moroccan warm olive salad

Shabbat dinner at my mom’s is like Thanks Giving at Martha Stewart. The dining table is packed with enough food to feed a village. My mom is actually Martha minus the luck. Her home-cooking and entertainment skills are pretty impressive.
Unlike most Moroccans, my mother is frugal with spices but generous with herbs. Her Moroccan food is delicate, fragrant and esthetic.


It’s fascinating to watch her cook. The stove and counter are always spotless, even when she cooks ten things at the same time. Sometime I’m not sure if I am really her daughter.

The best thing about Friday in a Moroccan home is Friday’s lunch sandwich, which is Lechem Bait (home bread) stuffed with one or two Moroccan cooked salads such as Matbucha, babaganush or warm olive salad and chicken or meatball that were braised with peas, celery, fennel, zucchini or artichokes.

Lechem Bait (Homemade bread)  

Warm olive salad is one of the best. It’s made with Syrian bitter and cracked olives that were boiled three times in water to remove the bitterness, then cooked with tomatoes, cilantro and spices.
The easiest way to remove the pits is to crack them with a mag or rolling pin (see pic above). Bitter Syrian olives work the best because they are hard and don’t fall apart when you cook them. 

Cooked Olive Salad

This salad a mezze / tapas but also delicious in a sandwich.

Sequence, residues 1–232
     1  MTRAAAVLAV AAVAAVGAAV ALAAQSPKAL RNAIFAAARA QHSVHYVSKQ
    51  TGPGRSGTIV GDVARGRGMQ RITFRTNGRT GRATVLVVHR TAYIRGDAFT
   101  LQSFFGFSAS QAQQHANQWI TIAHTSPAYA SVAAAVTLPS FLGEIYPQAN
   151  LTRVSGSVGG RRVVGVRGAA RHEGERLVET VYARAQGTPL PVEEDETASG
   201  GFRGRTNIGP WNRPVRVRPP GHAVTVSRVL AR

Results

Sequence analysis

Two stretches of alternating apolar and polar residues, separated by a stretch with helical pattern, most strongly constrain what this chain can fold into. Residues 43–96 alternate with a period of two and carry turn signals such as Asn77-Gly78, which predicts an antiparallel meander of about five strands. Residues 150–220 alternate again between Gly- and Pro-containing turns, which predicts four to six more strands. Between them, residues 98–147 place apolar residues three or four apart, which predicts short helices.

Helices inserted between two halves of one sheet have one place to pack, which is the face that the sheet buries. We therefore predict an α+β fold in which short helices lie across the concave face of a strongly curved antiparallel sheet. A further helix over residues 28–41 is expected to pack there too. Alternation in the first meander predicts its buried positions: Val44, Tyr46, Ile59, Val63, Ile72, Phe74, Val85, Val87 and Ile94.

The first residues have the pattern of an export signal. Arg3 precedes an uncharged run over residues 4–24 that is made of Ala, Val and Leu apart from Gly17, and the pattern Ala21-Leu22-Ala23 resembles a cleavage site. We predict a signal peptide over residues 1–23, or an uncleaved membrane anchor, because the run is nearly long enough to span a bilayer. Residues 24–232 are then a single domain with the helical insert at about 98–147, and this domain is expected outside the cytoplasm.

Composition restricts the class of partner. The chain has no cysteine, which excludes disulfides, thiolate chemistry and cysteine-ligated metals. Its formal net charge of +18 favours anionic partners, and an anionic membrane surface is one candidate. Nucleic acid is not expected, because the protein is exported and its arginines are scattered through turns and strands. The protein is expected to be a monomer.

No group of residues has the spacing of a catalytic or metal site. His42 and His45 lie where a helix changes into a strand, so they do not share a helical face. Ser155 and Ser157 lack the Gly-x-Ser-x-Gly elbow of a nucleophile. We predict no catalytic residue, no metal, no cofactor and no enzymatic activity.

Author: Shelly


  • 1 can Syrian cracked olives or green pitted olives
  • 2 to matoes - peeled and diced
  • Handful cilantro - rinsed carefully and chopped roughly
  • 2 medium garlic cloves - pressed
  • 1 tablespoon avocado or canola oil
  • ½ teaspoon turmeric
  • dash of white pepper
  • salt


  • Pit the olives (if the olives are not already cracked, crush them with a rolling pin and remove the pits - this is the only effortful part.
  • If you are using Syrian or any bitter olives you need to boil them at least twice in water for 2 -3 minutes, to get rid of the bitterness.
  • While you boil the olives put the rest of the ingredients in a medium saucepan and simmer for 20 minutes.
  • Drain the olives and add them to the saucepan, give them a quick stir and continue to simmer for 5 minutes. Turn off the heat and let it cool completely before you serve or store it in the fridge. They are better after they are cold and set in the sauce for a few hours.


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    • Thank you! She is an incredible cook and so do you. The first time I made ice cream from scratch was with you!And you introduced me to kale and other leafy greens. I would love to post your minestrone soup if you don’t mind sharing the recipe.

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